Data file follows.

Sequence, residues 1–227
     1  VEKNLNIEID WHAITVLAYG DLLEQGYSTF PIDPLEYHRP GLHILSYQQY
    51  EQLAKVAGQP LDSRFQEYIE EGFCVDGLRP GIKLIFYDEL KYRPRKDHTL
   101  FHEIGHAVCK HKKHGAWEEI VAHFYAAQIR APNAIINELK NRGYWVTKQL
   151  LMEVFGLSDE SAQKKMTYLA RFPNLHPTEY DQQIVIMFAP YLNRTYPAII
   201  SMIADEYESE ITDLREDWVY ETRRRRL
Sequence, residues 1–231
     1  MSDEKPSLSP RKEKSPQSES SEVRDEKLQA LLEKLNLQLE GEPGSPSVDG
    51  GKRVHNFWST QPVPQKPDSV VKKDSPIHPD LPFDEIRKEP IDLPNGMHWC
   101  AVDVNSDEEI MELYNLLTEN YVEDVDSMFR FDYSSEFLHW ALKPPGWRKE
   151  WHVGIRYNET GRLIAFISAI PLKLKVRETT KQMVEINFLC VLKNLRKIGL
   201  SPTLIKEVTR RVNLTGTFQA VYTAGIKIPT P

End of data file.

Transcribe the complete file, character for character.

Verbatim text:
Sequence, residues 1–227
     1  VEKNLNIEID WHAITVLAYG DLLEQGYSTF PIDPLEYHRP GLHILSYQQY
    51  EQLAKVAGQP LDSRFQEYIE EGFCVDGLRP GIKLIFYDEL KYRPRKDHTL
   101  FHEIGHAVCK HKKHGAWEEI VAHFYAAQIR APNAIINELK NRGYWVTKQL
   151  LMEVFGLSDE SAQKKMTYLA RFPNLHPTEY DQQIVIMFAP YLNRTYPAII
   201  SMIADEYESE ITDLREDWVY ETRRRRL
Sequence, residues 1–231
     1  MSDEKPSLSP RKEKSPQSES SEVRDEKLQA LLEKLNLQLE GEPGSPSVDG
    51  GKRVHNFWST QPVPQKPDSV VKKDSPIHPD LPFDEIRKEP IDLPNGMHWC
   101  AVDVNSDEEI MELYNLLTEN YVEDVDSMFR FDYSSEFLHW ALKPPGWRKE
   151  WHVGIRYNET GRLIAFISAI PLKLKVRETT KQMVEINFLC VLKNLRKIGL
   201  SPTLIKEVTR RVNLTGTFQA VYTAGIKIPT P